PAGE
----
The orchestra, conducted by Music Director Zeke Fetrow, performs a program of Anna Clyne’s This Midnight Hour, Samuel Barber’s Violin Concerto, and Paul Hindemith’s Symphonic Metamorphosis. The winner of the young artist competition Jiyu Oh performs Samuel Barber’s Violin Concerto.
The concert will be preceded by a piano recital by competition runner-up Maggie Bai, 12 at 1:45 p.m.
This concert features several young performers who participated in the annual young artist competition. The competition is open to musicians of high school age or younger who live in eastern Massachusetts. This season the winner was chosen by a panel of orchestra members and Music Director Zeke Fetrow.
Jiyu Oh, 17, is from Seoul, South Korea and is currently studying with Soovin Kim at the New England Conservatory Preparatory School and Walnut Hill School for the Arts in Boston. Also at NEC, she is enrolled in the Chamber Music Intensive Performance Seminar and is co-concertmaster of the Youth Philharmonic Orchestra. Her most recent accomplishments include full scholarship participation at the Chamber Music Northwest Young Artist Institute and Morningside Music Bridge, and a Jack Kent Cooke Award from NPR’s From the Top.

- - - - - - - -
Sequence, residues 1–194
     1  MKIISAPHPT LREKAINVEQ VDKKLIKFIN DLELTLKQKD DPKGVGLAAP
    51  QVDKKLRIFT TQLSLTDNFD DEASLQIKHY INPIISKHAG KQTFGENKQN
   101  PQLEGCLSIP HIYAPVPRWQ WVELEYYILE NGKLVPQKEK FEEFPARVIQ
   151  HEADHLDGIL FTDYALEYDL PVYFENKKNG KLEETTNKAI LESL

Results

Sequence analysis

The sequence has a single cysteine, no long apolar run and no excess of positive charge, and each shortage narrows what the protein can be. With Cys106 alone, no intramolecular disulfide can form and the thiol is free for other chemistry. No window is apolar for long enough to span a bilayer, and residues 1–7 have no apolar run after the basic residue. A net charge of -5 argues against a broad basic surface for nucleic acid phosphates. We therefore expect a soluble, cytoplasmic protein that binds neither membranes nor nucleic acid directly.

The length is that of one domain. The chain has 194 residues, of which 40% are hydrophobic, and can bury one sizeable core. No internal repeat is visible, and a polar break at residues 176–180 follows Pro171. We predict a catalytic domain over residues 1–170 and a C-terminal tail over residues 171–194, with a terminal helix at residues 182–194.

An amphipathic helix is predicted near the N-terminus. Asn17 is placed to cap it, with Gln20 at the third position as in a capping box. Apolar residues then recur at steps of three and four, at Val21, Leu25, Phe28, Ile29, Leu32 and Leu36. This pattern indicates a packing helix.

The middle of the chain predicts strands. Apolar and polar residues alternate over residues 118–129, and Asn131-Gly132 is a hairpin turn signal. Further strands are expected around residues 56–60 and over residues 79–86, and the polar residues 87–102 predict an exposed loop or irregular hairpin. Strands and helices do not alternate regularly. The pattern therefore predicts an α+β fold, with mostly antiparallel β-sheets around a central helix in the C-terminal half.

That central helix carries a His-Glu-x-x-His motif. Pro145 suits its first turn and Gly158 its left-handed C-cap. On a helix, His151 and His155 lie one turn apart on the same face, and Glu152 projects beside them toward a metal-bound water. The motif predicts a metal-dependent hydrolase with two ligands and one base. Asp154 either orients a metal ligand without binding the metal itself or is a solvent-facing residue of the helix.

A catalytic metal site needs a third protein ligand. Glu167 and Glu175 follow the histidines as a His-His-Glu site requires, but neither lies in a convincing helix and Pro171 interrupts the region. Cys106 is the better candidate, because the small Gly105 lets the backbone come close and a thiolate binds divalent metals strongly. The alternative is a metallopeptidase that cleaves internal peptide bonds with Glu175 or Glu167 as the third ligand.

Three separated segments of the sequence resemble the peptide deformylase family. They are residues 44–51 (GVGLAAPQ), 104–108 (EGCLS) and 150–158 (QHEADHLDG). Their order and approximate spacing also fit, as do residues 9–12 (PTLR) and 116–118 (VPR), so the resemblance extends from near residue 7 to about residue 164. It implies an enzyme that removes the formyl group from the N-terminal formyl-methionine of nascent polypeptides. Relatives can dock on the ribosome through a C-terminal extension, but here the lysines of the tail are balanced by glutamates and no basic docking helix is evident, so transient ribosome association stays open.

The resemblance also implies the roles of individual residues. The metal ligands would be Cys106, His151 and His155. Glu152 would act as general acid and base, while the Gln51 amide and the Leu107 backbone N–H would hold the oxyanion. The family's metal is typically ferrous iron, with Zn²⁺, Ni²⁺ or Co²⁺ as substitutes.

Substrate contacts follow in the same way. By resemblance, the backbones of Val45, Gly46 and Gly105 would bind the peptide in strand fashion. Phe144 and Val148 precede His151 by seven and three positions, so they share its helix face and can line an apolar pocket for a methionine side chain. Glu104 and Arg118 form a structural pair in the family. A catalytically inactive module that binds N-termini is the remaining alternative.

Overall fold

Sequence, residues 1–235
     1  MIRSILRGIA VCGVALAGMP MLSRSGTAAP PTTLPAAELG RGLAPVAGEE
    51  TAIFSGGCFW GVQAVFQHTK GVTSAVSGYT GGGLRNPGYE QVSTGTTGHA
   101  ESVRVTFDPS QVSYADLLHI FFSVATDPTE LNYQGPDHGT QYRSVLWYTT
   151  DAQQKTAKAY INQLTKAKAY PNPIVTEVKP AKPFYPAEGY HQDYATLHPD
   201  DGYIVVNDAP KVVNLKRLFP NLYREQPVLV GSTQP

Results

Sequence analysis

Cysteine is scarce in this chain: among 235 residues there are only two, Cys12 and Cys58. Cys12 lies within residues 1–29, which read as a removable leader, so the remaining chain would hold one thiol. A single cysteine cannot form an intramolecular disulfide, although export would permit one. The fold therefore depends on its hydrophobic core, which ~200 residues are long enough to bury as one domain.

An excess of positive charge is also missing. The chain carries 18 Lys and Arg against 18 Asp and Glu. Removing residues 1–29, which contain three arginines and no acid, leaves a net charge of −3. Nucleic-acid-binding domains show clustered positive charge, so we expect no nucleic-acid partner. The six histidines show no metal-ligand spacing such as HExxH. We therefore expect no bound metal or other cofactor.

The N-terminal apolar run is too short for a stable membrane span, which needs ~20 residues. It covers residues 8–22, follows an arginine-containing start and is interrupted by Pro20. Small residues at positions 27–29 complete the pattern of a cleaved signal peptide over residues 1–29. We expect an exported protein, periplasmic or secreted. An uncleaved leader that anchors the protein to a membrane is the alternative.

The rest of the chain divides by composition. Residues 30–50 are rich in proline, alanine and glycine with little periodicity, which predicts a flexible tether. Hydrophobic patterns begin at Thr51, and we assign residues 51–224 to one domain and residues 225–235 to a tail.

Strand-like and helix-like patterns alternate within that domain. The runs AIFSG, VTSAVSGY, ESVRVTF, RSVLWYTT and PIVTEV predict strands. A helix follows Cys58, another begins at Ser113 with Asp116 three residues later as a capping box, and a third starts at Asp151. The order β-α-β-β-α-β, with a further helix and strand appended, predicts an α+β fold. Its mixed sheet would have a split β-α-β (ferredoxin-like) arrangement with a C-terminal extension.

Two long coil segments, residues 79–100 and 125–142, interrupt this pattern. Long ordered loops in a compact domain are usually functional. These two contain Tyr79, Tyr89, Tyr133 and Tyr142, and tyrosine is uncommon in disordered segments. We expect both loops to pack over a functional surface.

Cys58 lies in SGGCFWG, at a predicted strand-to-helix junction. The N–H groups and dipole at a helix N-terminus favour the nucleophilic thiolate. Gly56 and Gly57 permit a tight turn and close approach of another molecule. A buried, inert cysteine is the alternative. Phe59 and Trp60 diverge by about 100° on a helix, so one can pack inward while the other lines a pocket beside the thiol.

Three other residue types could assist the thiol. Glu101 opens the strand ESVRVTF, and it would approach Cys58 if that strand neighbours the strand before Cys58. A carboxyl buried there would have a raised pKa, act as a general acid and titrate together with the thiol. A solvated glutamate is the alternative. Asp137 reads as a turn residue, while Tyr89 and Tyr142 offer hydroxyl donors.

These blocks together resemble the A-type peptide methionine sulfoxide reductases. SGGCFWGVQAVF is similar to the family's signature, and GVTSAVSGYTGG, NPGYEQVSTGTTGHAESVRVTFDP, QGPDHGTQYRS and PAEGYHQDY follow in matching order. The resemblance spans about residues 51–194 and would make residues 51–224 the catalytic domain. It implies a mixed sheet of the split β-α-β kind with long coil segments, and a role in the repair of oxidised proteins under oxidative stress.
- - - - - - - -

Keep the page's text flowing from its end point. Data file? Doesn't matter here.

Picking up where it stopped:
The Belfast Telegraph called Anna Clyne’s This Midnight Hour “a strange and beautiful composition with much fire and fury and both ends and attractive lyricism at its core.” The short piece, composed in 2015, is based roughly on two poems, but Clyne leaves much to the listener’s imagination.
Samuel Barber’s Violin Concerto was composed early in Barber’s career in 1939. Its first two movements are exquisite and touching, and the third movement is virtuosic and very fast. It has been recorded by many respected artists and become part of the standard repertoire.
Paul Hindemith’s Symphonic Metamorphosis was written in 1943. Dancer and choreographer Leonide Massine suggested that Hindemith write a ballet based on themes by Weber. The project fell through due to artistic differences, but Hindemith completed this cheerful, lively piece that has remained one of his most popular works.
Admission for youth under 18 is free.